Description Half-length images of the Madonna and Child enjoyed great popularity in the domestic interiors of Renaissance Italy. This example makes especially clear that, in addition to their decorative function, these images could serve as the focus for daily prayer. The Christ Child stands upright on his mother’s knee and gazes directly at the viewer, to whom he offers a gesture of blessing. In the lower left, the young John the Baptist—Christ’s cousin and the patron saint of Florence—looks on in prayer, mirroring the actions of those who would have originally prayed before the painting. In his left hand the Christ Child holds a swallow, a popular symbol of his Resurrection based the old belief that the bird hibernated during the winter and reappeared in the spring, when the Resurrection was celebrated. The painting is a typical work of the Florentine painter Biagio d’Antonio, best remembered today as among the group of artists summoned to Rome in the 1480s to work in the Sistine Chapel in the Papal Apartments.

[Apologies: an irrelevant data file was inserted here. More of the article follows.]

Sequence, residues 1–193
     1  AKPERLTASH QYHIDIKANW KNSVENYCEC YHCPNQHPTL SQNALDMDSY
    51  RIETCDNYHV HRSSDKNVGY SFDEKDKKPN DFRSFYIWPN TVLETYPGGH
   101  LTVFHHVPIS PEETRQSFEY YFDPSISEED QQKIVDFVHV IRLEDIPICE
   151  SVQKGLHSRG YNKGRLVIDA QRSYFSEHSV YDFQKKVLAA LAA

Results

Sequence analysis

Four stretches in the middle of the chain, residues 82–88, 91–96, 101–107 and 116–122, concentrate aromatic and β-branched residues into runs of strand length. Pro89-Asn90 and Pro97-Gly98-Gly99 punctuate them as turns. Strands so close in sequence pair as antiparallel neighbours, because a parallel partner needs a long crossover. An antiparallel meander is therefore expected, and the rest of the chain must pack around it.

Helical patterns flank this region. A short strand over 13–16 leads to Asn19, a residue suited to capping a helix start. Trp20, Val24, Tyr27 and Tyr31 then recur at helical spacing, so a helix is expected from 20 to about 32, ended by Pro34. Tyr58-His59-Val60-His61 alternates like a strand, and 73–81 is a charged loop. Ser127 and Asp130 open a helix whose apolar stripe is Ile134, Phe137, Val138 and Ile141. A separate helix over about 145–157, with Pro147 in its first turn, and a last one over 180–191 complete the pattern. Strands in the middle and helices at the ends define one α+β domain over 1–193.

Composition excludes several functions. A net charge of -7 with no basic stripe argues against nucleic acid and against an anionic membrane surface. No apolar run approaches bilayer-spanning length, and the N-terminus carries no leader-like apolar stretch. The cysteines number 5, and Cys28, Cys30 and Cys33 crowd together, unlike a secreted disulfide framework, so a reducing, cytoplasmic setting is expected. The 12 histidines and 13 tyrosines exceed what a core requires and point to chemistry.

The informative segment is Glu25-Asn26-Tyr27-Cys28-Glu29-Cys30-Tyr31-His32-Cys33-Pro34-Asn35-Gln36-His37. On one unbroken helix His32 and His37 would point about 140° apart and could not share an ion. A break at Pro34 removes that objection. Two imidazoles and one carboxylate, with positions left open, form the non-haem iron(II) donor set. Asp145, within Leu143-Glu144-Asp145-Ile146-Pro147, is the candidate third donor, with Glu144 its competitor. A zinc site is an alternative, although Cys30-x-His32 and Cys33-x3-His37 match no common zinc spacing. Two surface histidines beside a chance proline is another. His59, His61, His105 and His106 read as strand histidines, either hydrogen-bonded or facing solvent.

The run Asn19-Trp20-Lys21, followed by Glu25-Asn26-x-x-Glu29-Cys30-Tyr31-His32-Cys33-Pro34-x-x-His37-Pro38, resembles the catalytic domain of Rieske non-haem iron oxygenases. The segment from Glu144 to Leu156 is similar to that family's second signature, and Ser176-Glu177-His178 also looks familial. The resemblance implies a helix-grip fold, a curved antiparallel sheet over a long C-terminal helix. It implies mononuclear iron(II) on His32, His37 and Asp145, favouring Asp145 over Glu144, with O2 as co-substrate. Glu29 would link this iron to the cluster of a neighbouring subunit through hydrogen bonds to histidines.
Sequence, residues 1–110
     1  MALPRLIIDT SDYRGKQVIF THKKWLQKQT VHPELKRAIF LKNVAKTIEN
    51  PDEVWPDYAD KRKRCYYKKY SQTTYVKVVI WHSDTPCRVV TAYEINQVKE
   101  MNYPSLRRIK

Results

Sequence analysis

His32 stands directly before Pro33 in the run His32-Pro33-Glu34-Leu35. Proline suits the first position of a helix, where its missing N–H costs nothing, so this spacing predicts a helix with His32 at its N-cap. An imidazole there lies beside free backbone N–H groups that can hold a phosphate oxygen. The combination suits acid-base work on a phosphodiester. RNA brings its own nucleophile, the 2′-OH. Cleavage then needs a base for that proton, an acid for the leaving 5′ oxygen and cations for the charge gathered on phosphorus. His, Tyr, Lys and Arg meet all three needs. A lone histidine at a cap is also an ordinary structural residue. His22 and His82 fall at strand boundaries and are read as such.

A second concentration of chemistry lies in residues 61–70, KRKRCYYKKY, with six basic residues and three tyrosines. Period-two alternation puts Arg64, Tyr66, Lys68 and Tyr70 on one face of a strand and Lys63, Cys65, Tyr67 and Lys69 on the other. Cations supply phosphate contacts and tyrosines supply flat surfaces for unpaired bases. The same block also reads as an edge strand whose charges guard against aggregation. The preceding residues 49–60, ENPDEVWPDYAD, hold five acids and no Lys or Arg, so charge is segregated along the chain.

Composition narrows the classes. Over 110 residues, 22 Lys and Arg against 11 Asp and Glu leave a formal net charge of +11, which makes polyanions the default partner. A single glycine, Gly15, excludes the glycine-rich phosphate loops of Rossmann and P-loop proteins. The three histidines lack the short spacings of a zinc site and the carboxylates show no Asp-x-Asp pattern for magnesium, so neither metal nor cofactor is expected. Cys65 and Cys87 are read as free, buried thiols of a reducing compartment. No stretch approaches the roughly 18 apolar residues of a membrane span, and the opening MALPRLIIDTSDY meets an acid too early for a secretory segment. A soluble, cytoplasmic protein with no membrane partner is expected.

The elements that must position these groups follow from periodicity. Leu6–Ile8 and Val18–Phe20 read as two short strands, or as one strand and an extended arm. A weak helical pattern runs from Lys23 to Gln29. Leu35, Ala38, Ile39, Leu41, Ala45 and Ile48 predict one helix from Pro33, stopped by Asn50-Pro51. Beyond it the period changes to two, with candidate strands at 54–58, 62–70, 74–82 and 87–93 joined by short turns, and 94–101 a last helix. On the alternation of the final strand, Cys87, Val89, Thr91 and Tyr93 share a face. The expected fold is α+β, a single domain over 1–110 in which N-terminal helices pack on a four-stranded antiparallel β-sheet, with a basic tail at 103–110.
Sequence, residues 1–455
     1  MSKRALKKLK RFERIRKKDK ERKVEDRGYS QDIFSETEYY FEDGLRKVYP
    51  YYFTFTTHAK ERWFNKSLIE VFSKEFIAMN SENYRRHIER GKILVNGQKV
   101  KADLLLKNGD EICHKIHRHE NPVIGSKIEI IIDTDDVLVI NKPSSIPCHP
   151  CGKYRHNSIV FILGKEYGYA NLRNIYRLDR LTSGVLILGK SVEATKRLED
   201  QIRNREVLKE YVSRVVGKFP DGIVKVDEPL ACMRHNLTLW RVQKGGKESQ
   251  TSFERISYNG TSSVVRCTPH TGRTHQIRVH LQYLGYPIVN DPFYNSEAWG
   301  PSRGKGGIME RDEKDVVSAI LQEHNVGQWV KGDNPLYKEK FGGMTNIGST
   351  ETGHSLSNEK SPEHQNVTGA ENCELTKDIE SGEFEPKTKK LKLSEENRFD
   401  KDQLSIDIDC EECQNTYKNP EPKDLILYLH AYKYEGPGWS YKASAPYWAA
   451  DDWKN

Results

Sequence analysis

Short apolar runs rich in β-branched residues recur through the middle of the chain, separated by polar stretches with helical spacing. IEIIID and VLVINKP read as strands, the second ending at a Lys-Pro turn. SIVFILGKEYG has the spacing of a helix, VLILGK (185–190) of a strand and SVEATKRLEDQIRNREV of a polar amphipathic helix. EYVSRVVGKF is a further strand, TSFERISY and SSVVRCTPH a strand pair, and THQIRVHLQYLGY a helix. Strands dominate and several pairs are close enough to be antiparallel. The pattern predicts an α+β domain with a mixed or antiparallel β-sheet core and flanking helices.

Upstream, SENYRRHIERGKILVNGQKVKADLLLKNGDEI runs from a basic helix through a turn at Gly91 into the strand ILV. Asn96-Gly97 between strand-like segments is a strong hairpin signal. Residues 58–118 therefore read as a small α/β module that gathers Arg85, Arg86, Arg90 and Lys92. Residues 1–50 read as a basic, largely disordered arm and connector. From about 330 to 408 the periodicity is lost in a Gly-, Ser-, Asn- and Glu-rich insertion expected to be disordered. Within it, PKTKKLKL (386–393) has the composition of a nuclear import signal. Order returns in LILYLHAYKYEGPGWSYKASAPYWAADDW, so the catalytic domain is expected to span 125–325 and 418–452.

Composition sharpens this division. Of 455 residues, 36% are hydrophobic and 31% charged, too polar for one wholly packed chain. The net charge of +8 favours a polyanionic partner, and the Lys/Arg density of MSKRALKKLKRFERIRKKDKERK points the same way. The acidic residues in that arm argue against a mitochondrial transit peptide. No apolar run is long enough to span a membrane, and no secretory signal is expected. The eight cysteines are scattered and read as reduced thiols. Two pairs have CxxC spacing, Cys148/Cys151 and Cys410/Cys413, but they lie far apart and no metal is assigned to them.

|Examination||examined for condition; x-ray|
Provenance Don Marcello Massarenti Collection, Rome [date and mode of acquisition unknown] [1897 catalogue: no. 405, as Niccolò Rondinelli]; Henry Walters, Baltimore, 1902, by purchase; Walters Art Museum, 1931, by bequest.
Credit Acquired by Henry Walters with the Massarenti Collection, 1902
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